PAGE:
But what actually is this treatment?
CAR-T therapy is a type of immunotherapy that takes advantage of the cell killing capabilities of cytotoxic T cells. This particular type of T cell is an important part of the human immune system which for many years, researchers have hoped might be useful in treating cancer.
The problem is, cancer cells are derived from your own cells so your immune system has no reason to target them for destruction. That’s where CAR-T therapy comes in. In CAR-T therapy, the T cells of the patient are taken from the blood and genetically modified so they express a chimeric antigen receptor (CAR). A CAR is basically a signalling molecule on the surface of the T cells that allow them to recognise cancer cells as worthy of destruction. These genetically modified T cells are then put back into the patient’s blood to target and kill cancer cells.
Because we know that different types of cancer typically have different types of signalling molecule on their surface, we can then use different types of CARs to help draw the cell killing T cells to the cancer cells. For example – nearly all types of B cell acute lymphoblastic leukaemia (ALL) have a protein called CD19 on the surface of cells so researchers have been working on CARs that specifically target cells which have CD19 on them.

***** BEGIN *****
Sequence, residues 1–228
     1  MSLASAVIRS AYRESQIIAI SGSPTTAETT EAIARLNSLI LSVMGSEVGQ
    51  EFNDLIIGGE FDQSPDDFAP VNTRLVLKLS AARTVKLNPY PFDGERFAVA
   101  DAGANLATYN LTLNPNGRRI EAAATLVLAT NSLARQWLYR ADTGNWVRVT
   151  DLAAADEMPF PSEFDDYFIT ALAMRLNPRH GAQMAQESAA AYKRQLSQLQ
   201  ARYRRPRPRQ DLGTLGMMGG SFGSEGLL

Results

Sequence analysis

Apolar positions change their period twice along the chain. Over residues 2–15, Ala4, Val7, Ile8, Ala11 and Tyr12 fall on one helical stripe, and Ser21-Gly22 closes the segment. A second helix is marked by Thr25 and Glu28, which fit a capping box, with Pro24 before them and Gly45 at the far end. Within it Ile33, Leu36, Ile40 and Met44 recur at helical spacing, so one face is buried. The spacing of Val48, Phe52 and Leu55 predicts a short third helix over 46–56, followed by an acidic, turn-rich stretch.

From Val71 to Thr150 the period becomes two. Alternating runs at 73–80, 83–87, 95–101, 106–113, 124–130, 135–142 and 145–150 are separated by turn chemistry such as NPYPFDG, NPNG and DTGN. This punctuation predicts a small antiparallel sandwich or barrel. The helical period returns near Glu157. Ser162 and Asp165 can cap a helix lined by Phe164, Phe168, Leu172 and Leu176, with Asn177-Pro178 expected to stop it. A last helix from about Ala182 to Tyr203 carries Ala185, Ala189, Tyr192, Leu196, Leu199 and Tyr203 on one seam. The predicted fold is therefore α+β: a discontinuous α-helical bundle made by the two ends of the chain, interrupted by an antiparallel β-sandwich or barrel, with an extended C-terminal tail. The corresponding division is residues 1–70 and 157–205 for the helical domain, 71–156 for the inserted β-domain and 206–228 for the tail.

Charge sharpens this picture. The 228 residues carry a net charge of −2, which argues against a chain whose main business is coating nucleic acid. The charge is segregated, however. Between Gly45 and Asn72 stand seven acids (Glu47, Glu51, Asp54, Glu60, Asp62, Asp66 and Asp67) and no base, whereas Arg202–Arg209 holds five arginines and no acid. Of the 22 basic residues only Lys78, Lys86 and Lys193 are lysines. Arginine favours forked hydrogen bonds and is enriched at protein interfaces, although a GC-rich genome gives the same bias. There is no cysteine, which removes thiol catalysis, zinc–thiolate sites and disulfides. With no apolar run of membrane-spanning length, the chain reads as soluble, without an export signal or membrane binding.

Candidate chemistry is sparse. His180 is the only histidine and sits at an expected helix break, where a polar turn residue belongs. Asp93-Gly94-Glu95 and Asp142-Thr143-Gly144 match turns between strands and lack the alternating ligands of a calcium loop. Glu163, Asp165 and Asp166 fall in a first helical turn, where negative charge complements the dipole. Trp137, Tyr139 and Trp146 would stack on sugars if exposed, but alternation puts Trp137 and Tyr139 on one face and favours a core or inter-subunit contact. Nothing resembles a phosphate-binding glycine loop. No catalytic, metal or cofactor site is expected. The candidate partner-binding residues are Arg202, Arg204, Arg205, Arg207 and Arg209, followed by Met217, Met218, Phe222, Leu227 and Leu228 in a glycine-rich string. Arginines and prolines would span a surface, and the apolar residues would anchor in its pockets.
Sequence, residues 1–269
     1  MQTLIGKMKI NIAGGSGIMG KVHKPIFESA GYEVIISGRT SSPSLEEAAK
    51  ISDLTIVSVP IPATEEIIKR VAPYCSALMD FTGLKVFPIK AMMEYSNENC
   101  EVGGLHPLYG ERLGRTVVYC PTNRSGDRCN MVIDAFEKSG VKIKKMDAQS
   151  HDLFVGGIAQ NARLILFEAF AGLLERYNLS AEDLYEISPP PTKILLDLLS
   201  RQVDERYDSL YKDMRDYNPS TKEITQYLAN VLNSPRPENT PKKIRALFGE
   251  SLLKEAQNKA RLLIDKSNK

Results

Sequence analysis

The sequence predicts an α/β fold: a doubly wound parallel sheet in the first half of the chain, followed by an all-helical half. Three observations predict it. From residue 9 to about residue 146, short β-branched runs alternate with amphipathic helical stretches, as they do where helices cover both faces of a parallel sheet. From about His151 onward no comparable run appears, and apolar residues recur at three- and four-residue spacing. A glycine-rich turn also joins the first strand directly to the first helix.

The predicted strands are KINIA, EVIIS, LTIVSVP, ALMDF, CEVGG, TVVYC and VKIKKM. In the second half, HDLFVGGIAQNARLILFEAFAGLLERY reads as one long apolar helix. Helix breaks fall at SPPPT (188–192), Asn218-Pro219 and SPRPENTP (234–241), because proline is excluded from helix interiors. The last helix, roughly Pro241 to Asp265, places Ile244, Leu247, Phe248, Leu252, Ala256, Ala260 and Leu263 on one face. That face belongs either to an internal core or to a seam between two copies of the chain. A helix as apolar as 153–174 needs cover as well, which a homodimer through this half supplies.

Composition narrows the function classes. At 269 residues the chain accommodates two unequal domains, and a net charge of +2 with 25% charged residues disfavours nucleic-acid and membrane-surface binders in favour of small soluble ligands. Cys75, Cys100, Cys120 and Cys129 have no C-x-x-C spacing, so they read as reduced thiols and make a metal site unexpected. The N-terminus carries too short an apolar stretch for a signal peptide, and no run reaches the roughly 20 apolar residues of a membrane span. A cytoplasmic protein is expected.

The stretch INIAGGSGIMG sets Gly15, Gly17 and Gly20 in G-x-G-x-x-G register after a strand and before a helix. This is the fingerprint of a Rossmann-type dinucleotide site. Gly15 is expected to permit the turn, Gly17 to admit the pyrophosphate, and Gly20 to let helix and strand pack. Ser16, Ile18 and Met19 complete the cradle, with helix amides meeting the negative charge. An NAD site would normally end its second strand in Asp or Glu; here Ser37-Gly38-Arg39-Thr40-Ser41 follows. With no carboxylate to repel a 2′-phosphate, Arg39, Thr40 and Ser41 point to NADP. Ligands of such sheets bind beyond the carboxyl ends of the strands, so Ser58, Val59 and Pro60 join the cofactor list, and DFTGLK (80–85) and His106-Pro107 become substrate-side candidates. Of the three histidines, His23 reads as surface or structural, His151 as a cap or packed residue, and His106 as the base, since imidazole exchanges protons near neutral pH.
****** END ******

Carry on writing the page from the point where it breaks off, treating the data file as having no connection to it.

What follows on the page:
The specific therapy that NICE has reported on this week is one called Yescarta from a company called Kite Pharma. Yescarta consists of taking T cells from the patient then using a system hijacked from retroviruses to genetically modify the cells. The genetically modified cells are then reintroduced to the patient in a single dose.
Clinical Trials of Yescarta have been initially promising. A phase II single-arm trial found that of 101 patients treated with Yescarta, 54% had a complete response and 52% survived over 18 months. All of these patients had refractory large B-cell lymphoma – that means they had a type of blood cancer that had already failed treatment and the patients had an average expected life expectancy of 3-4 months. While the trial showed that all patients had significant adverse events related to Yescarta, only 3% of patients died from the treatment itself.
Based largely on this trial the FDA approved Yescarta for certain types of lymphoma late last year and the European Commission granted Marketing Authorisation for the treatment this month.
Why not recommend it?
But NICE had some concerns. Firstly, they were concerned that the clinical trials for Yescarta, while promising, were insufficient to allow recommendation of the drug. While this particular type of lymphoma doesn’t have a standard therapy, yet, most patients are treated with scavenger chemotherapy and the Yescarta clinical trials haven’t proven that Yescarta is better than scavenger chemotherapy. The two therapies haven’t been compared side by side. This is quite a significant concern because, without side by side comparison, we can’t be sure that diverting patients from one treatment type to the other is actually beneficial for the health and life expectancy of those patients.